A top Republican leader in the House of Representatives last week urged fellow Republicans to continue into the fall and winter their fight against what he called “job-destroying regulations” and their support of business tax relief and general regulatory reform.
Majority Leader Eric I. Cantor (R-Va.) singled out 10 proposed environmental, labor, and health regulations, which he promised to block. These include air pollution control technologies for power plants, industrial boilers, and cement plants, as well as regulatory proposals for coal ash, airborne particulate matter, greenhouse gases, and union organizing.
Following Cantor’s call, House Republicans set their first oversight hearing—regarding regulatory relief for cement makers—for Sept. 8.
Also last week, President Barack Obama told federal departments to identify and speed government review and permitting for at least three large infrastructure projects with high job potential, and he set Sept. 8 for an address to Congress to announce his job creation program. That date was Obama’s second choice, however; his first choice met with Republican objections.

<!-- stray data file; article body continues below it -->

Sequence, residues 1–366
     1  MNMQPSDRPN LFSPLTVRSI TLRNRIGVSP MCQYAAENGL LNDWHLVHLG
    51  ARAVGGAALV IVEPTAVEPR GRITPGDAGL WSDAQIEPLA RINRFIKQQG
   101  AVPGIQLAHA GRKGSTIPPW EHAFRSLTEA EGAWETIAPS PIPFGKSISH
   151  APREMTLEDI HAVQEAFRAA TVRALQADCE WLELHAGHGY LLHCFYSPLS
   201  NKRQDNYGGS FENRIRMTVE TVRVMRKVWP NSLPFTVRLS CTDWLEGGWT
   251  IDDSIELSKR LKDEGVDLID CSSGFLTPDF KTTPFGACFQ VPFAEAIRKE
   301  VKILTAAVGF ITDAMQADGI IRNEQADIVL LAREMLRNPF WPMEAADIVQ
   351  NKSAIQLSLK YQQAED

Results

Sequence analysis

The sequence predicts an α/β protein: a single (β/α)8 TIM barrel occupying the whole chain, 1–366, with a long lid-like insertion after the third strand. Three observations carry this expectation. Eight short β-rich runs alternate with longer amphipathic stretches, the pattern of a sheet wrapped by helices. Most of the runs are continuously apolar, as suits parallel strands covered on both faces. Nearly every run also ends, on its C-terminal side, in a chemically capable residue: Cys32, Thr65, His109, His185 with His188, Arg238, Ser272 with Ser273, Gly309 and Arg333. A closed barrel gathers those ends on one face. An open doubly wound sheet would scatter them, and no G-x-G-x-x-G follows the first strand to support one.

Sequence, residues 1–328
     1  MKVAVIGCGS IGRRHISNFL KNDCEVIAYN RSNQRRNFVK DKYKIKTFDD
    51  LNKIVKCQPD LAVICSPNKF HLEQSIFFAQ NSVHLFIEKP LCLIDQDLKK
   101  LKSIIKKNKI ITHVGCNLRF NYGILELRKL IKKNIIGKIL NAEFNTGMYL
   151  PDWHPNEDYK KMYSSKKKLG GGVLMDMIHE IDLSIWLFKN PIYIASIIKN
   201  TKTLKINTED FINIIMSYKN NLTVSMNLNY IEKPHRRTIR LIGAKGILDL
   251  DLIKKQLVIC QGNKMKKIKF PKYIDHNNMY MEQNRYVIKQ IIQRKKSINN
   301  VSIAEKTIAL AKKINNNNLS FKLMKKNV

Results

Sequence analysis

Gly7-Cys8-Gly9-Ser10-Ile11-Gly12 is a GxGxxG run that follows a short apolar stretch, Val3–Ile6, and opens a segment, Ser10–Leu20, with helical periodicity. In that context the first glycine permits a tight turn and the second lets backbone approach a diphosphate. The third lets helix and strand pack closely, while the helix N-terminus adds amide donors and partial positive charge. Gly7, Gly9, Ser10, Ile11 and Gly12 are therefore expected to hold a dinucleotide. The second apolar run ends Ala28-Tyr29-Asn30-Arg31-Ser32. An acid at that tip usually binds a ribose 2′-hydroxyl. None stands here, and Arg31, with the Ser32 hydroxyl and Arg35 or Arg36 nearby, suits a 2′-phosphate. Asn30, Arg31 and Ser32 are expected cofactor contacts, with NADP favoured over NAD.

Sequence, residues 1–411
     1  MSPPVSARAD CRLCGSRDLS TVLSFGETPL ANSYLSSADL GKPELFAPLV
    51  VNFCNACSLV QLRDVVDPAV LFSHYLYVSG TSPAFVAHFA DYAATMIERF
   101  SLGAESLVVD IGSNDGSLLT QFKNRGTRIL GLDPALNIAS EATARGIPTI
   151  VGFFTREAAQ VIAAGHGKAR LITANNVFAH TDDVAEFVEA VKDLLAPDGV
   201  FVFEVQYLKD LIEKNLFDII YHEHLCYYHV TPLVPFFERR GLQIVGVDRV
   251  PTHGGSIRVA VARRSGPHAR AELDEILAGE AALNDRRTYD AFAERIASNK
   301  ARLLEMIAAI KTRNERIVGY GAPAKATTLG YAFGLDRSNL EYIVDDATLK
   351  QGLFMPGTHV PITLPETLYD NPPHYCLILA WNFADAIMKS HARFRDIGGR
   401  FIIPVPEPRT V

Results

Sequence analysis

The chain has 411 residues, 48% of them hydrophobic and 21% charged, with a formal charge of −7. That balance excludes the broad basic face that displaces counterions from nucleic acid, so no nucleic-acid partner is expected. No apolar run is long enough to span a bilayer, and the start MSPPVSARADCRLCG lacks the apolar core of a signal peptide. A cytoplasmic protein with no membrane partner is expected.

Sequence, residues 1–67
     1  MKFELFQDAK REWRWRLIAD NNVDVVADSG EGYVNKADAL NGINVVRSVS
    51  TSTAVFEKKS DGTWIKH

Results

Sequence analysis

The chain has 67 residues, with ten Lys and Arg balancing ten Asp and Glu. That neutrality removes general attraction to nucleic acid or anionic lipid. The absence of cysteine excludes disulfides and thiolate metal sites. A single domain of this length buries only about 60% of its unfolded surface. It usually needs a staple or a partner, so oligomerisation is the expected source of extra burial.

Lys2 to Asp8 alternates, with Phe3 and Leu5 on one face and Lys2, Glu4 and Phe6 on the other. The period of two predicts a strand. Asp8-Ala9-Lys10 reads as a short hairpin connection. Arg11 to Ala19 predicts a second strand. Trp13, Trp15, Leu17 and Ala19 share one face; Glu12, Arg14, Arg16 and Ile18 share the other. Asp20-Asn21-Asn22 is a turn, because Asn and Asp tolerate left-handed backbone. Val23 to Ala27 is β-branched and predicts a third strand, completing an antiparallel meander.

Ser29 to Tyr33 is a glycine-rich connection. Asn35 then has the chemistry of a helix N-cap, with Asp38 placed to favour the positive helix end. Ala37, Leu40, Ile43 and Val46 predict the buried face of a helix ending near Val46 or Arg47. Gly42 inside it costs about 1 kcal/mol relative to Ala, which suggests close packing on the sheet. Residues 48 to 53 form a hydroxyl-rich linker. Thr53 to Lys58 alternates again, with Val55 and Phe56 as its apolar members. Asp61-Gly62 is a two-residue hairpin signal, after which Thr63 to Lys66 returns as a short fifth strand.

Politics aside, economic studies find that spending to conform to environmental regulations is either job neutral or positive. Looking at spending at pulp and paper mills, plastic manufacturers, petroleum refiners, and iron and steel mills, researchers at Resources for the Future, a nonprofit group, found meeting environmental regulations to be labor intensive, resulting in a net gain of 1.5 to 6.9 jobs per $1 million spent primarily for air pollution reductions.